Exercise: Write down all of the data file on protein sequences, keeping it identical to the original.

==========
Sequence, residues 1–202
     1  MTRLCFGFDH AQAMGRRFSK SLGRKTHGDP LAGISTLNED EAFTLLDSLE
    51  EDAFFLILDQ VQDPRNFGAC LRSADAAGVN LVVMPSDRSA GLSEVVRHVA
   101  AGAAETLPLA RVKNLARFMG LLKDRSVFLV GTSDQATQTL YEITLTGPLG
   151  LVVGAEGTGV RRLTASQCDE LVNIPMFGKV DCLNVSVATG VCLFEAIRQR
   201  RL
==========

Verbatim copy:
Sequence, residues 1–202
     1  MTRLCFGFDH AQAMGRRFSK SLGRKTHGDP LAGISTLNED EAFTLLDSLE
    51  EDAFFLILDQ VQDPRNFGAC LRSADAAGVN LVVMPSDRSA GLSEVVRHVA
   101  AGAAETLPLA RVKNLARFMG LLKDRSVFLV GTSDQATQTL YEITLTGPLG
   151  LVVGAEGTGV RRLTASQCDE LVNIPMFGKV DCLNVSVATG VCLFEAIRQR
   201  RL